While Serling wrote a number of wonderful scripts for that show (including "A Stop at Willoughby," "Walking Distance," "The Shelter," and "On Thursday We Leave for Home"), he was one of three writers whose work made TZ the marvel that it was.
The other two were Charles Beaumont and Richard Matheson. Beaumont died in 1967, struck down by something like a mutant form of Alzheimer's; at the time of his death at the age of 38, he looked like he was in his 90s. The disease had affected his ability to work; Beaumont contributed a lot of excellent scripts to TZ, but the heavy lifting on a few of the last Beaumonts was done by his friend Jerry Sohl.
Richard Matheson, last of the three, died last month at the age of 87, closing one of the great careers in American popular fiction. His novels included The Shrinking Man, I Am Legend, Hell House, and Bid Time Return (better known as Somewhere in Time). His work as a novelist was not limited to the horror and fantasy genres. He wrote westerns (A Journal of the Gun Years, A Gun Fight), suspense novels (Hunted Past Reason, Ride the Nightmare), and a novel of World War II called The Beardless Warriors.
If he had written only The Shrinking Man, I Am Legend, and Bid Time Return, I think he'd have a permanent place in the memories of genre aficionados. But Matheson was a master of the short story as well as a novelist. Nobody who's read them forgets classic chillers like "Prey," "Born of Man and Woman," "Duel," "The Children of Noah," "Nightmare at 20,000 Feet," or "Button, Button," to name only a few. His short fiction is usually kept in print along with his novels and excellent collections are available at this writing both in print and ebook formats.
Matheson was also a superb screenwriter, often adapting his own work for film and television. He was the screenwriter for the best of the Roger Corman adaptations of Poe in the early 60s, and with Charles Beaumont he adapted Fritz Leiber's Conjure Wife for the excellent horror film Burn, Witch, Burn. Adaptations by Matheson from his own novels included The Incredible Shrinking Man, Somewhere in Time, The Legend of Hell House, and The Last Man on Earth (the only film version of I Am Legend that bears any resemblance to the original novel).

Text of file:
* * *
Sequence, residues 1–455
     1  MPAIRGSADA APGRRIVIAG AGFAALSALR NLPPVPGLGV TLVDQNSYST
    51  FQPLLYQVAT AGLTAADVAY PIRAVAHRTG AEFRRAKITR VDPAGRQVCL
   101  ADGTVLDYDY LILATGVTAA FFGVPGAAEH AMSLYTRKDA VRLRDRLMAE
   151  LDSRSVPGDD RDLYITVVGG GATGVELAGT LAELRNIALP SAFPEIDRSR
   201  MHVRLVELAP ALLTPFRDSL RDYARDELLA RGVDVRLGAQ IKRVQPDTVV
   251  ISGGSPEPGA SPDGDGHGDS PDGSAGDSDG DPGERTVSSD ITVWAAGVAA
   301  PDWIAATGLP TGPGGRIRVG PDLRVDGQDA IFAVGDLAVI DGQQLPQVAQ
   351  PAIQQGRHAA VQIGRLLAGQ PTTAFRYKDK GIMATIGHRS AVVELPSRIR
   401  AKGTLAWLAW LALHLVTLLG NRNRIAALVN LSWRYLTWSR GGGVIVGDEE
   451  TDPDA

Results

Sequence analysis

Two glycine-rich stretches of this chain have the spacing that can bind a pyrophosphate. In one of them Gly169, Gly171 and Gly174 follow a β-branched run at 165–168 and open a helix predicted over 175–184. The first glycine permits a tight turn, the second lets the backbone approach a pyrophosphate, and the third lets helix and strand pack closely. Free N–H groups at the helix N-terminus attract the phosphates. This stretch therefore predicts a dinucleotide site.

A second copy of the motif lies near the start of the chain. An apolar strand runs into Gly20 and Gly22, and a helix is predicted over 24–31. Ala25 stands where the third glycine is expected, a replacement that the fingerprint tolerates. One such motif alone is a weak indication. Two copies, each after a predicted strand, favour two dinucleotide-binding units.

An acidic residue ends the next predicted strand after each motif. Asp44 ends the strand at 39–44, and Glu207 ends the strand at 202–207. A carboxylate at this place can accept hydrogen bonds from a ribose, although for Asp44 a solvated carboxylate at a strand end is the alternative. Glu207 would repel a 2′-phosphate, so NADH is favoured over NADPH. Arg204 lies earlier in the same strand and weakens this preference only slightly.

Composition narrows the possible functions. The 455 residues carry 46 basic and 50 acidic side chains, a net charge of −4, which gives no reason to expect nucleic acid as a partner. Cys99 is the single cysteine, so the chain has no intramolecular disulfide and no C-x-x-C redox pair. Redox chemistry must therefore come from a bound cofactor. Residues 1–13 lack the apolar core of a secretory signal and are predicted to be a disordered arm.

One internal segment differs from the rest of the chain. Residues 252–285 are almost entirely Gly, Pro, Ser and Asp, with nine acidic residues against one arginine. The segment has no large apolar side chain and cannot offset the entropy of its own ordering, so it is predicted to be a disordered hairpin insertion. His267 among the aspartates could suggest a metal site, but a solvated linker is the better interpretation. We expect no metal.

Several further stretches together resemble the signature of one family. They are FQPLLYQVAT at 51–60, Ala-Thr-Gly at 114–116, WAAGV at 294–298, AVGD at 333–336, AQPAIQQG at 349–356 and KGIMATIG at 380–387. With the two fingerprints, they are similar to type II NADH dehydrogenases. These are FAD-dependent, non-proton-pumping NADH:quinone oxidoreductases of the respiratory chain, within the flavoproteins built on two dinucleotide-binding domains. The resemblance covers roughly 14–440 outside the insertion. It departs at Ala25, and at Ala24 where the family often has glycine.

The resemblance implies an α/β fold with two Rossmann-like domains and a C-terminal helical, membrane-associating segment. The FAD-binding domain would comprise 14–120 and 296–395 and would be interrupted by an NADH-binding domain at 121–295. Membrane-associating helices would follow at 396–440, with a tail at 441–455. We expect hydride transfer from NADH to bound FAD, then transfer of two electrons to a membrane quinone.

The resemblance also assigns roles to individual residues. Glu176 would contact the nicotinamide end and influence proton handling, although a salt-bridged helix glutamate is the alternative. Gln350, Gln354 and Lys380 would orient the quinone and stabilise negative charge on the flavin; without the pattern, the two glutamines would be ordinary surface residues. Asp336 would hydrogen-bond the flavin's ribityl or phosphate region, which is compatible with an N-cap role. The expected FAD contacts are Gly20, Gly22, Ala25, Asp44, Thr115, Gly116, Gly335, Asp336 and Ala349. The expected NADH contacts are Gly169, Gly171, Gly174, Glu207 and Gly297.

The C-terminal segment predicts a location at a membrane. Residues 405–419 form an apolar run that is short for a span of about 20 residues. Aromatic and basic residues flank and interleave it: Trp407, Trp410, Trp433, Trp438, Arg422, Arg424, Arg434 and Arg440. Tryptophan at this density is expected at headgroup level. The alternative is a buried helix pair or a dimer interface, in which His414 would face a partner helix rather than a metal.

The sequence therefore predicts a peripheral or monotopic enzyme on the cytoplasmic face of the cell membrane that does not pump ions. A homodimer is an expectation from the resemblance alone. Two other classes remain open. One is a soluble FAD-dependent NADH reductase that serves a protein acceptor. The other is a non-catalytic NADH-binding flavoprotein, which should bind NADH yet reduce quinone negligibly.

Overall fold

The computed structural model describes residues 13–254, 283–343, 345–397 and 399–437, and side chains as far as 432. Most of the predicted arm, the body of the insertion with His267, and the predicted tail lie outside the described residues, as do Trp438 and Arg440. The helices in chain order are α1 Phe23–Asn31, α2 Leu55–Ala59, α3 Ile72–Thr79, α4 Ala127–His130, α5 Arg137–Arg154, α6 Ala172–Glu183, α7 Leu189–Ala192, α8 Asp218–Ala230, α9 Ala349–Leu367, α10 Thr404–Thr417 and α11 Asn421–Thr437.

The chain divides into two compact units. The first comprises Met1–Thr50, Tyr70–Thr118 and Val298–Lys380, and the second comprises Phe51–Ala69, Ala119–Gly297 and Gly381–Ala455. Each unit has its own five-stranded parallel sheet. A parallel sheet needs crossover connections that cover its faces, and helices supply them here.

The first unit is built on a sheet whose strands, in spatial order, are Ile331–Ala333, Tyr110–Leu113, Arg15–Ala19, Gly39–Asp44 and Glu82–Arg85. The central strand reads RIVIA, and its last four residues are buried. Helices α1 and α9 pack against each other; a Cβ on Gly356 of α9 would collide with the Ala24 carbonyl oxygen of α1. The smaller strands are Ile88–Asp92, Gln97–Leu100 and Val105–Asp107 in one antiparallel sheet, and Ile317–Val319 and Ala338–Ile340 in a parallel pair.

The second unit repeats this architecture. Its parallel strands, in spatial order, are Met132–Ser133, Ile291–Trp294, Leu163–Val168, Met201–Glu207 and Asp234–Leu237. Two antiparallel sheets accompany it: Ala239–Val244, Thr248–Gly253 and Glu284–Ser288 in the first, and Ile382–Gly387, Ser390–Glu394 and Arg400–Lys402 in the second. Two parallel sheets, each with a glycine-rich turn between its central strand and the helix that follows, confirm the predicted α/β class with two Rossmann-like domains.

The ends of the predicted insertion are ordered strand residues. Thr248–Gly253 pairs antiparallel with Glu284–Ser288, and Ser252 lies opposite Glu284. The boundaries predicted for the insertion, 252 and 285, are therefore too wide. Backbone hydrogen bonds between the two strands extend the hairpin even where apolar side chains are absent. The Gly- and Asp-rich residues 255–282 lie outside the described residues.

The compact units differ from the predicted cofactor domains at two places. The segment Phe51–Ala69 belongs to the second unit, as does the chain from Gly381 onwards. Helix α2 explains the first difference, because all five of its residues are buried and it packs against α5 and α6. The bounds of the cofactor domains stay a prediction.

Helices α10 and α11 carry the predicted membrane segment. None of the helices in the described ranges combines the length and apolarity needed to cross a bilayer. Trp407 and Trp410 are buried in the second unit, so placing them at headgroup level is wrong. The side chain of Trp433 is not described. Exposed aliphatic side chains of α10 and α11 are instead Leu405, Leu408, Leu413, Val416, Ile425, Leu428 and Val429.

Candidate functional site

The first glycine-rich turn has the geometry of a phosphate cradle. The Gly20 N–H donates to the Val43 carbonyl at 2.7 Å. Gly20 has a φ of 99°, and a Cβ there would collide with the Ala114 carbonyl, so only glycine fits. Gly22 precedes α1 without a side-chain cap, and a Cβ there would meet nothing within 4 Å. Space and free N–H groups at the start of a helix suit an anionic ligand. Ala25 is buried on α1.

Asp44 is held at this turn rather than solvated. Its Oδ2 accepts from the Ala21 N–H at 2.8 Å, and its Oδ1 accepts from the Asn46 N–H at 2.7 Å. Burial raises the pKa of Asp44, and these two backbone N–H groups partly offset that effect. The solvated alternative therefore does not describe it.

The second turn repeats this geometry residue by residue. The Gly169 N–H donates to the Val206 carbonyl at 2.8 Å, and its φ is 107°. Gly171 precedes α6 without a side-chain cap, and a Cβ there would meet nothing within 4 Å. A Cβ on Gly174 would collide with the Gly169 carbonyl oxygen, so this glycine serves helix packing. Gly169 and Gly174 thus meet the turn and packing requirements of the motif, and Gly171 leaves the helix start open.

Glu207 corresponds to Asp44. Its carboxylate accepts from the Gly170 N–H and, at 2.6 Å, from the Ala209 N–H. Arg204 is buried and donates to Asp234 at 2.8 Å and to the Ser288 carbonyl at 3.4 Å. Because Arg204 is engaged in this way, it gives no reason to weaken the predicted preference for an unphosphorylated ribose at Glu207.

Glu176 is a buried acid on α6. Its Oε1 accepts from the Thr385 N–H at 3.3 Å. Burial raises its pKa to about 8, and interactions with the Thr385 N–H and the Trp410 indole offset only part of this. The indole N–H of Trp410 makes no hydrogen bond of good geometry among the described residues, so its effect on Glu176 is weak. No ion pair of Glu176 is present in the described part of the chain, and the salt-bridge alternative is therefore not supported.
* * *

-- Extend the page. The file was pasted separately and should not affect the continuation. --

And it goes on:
He adapted a number of his own short stories for television. Best known, perhaps, are "Duel" for the Spielberg film, and "Prey" for the climactic segment of Trilogy of Terror. But Matheson's work for television is most easily found in the original Twilight Zone, and his episodes provided many of that series' finest moments. The two episodes starring William Shatner, "Nightmare at 20,000 Feet" and the lesser-known "Nick of Time," were Matheson scripts. So were "Steel," "Mute," "Little Girl Lost," "Late Night Call," the uncharacteristically light-hearted "A World of His Own," and others. "Nick of Time," with its depiction of a man on the verge of letting his superstitious fascination with a diner's fortune-telling machine imprison him forever in a small Ohio town, is a perfect example of Matheson's ability to show nightmares lurking behind the surface of everyday surroundings.
"Death Ship," for TZ's fourth season, is to my mind a real stand-out in Matheson's work for the series. The original story, dealing with a spaceship crew who land on an alien world and find what appears to be their own crashed vessel and their own bodies dead inside it, is a nice science-fiction-horror story, well worth a read (and you can find it in his collection Duel and Other Stories). But Matheson's translation of this story into a one-hour TZ episode is nothing short of marvelous. Scenes in the script that were not in the original story expand and enrich the characters rather than simply padding the narrative for length, and the final confrontation between Lt. Mason and Capt. Ross has an intensity not found in the concluding paragraphs of the short story -- that the scene is performed by a pair of powerhouse actors like Ross Martin and Jack Klugman helps, but the strength of the material is all there in the writing. The episode is a wonderful example of TZ at its best, it remains as gripping on repeat viewings as it was on the first, and it's one of the very few instances of a film adaptation equal to the original source material.
So raise a glass to Richard Matheson, one of the best, and check out his books (http://www.amazon.com/Richard-Matheson/e/B000AQ285E), and some of his work for film and television (http://www.imdb.com/name/nm0558577). You won't be disappointed. And if you've read or seen these before, take a little time to revisit them -- chances are you'll enjoy them as much as you did the first time, and maybe even more.